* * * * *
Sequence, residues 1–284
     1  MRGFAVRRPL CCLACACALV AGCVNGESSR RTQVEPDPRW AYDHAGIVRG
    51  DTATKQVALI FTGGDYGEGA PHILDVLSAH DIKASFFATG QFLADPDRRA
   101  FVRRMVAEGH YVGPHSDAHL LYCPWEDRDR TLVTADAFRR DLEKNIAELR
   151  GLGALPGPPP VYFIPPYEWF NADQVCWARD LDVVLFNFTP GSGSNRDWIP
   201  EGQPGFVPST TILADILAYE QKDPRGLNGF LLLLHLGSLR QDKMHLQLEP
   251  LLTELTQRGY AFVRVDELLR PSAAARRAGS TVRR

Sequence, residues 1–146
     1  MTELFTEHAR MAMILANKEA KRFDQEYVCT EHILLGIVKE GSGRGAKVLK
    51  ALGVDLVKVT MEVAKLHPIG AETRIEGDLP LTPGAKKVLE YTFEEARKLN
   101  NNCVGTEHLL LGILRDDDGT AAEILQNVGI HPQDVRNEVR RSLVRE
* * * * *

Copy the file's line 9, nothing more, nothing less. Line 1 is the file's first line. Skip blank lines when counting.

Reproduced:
     1  MTELFTEHAR MAMILANKEA KRFDQEYVCT EHILLGIVKE GSGRGAKVLK